The book tells stories of artists (Ansel Adams, Thomas Moran), naturalists (Ernest Thompson Seton, Frank and John Craighead), entrepreneurs (dude rancher Larry Larom, hotelier Harry Child), and cartoon bears (Yogi). Each character makes a journey that fulfills an individual quest such as money or fame. But each quest also ends up reflecting and redefining Yellowstone for the values of its era. For example, when Seton in 1897 wanted to observe bears so as to more effectively craft his popular illustrated animal stories, his adventures highlighted the way Yellowstone in that era transformed from a set of geological oddities to a wildlife sanctuary -- at a time when the nation was concerned about disappearing populations of bison and other species.
Each journey thus added a layer of meaning to the park, and these accumulated layers are what make Yellowstone such a culturally rich place. (What's that, you thought Yellowstone was a natural place, not a cultural one? Well, yes, that's part of its fascinating cultural development!)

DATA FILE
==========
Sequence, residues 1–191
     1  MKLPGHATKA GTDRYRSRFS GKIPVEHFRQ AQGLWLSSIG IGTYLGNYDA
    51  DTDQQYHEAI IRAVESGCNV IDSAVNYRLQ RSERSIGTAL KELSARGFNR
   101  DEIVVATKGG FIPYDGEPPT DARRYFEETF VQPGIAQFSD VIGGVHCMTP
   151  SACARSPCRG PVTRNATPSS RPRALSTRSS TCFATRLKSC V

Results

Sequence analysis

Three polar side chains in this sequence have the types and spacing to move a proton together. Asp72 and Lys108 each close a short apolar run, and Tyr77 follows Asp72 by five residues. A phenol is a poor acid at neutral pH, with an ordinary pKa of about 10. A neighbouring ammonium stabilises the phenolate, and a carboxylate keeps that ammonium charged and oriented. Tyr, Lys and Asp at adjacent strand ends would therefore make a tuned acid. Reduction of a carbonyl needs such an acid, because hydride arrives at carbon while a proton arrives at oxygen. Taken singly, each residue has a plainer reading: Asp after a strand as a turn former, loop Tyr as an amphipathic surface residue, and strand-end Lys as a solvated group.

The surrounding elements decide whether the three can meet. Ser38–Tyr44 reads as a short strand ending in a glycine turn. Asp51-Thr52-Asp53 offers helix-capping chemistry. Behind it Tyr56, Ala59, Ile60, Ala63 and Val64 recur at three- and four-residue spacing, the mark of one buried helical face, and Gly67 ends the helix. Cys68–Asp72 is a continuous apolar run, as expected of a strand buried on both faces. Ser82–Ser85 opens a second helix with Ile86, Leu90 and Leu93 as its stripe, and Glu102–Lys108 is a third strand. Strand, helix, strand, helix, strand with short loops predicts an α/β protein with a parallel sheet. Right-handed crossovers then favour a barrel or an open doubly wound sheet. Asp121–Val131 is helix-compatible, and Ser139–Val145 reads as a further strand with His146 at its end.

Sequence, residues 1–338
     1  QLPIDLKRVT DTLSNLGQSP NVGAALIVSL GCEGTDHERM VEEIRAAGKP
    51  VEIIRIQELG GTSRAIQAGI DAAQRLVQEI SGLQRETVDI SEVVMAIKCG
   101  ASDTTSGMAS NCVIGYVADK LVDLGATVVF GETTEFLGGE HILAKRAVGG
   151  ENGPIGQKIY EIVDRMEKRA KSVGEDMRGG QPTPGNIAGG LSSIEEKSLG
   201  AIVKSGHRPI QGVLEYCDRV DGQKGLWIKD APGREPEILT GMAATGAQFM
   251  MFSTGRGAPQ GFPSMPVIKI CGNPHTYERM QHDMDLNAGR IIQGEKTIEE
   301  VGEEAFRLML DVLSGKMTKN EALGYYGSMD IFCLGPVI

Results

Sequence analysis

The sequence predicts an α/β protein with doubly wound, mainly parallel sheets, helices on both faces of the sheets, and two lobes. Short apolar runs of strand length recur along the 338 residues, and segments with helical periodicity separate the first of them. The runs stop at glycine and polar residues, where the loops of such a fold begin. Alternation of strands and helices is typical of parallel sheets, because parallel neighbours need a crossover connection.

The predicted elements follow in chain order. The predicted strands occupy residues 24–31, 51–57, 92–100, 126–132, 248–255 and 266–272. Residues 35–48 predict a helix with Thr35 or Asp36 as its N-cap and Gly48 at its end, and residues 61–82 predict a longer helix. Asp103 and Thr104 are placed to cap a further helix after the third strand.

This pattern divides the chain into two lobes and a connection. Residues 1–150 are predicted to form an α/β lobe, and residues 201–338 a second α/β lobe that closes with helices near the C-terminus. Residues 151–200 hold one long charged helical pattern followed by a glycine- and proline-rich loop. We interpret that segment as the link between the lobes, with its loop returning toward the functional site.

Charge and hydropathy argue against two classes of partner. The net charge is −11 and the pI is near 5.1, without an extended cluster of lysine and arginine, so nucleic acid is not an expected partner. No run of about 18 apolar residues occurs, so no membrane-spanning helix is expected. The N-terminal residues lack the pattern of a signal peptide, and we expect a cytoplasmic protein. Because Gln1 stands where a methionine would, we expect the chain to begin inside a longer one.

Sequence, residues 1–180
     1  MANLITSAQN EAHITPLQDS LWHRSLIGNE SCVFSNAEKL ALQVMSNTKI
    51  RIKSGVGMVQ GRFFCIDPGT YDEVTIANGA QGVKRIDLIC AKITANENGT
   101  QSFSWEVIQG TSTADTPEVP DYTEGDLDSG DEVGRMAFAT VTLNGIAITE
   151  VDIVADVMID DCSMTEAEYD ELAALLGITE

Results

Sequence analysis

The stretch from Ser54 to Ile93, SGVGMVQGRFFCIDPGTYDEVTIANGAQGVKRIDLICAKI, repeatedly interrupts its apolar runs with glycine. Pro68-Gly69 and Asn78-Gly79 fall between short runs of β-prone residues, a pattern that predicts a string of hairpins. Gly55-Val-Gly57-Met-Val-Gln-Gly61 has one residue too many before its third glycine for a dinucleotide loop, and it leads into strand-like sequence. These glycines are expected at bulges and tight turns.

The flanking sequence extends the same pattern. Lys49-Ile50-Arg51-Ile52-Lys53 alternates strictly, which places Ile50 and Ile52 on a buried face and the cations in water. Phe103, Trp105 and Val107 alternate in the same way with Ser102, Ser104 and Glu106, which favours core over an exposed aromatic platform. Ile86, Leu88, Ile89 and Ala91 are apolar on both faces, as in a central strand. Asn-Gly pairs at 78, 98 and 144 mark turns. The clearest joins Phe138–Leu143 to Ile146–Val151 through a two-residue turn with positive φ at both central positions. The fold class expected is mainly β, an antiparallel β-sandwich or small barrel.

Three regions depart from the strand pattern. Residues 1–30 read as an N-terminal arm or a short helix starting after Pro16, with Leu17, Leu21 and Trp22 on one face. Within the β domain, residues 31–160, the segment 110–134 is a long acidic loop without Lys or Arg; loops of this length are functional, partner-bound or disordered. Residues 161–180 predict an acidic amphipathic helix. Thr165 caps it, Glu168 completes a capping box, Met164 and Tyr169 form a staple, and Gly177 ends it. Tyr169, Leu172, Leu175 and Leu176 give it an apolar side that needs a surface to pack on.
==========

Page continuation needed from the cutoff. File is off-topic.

I've been working on this book for several years and am delighted to have placed it with Pegasus, an outstanding house with a rich list in history, nature, science, and narrative. This will be my first book published in New York, and my first time in hardcover. When the book is published, it will be available in your favorite bookstore, and I'll be sure to announce details on this site as well as social media. But if you want to get a personalized notice (and yes, of course I won't sell your name), shoot me an email at email@example.com.
I have some friends in Lavina, the town of 180 people about 45 miles northwest of Billings. So for the latest Rural Route for The Montana Quarterly magazine -- the column where they send a writer and photographer to hang out in a small town and tell stories about its characters -- I figured if nothing else I could write about my friends. But Lavina was so full of fascinating people that I didn't even mention them!
Gerard Peters, 86, seems to have a permanent twinkle in his eye. He’s not a cattle baron, he doesn’t have much acreage, he doesn’t live on a blue-ribbon trout stream. But his pleasures are simpler. “I like being around family and cattle,” he says.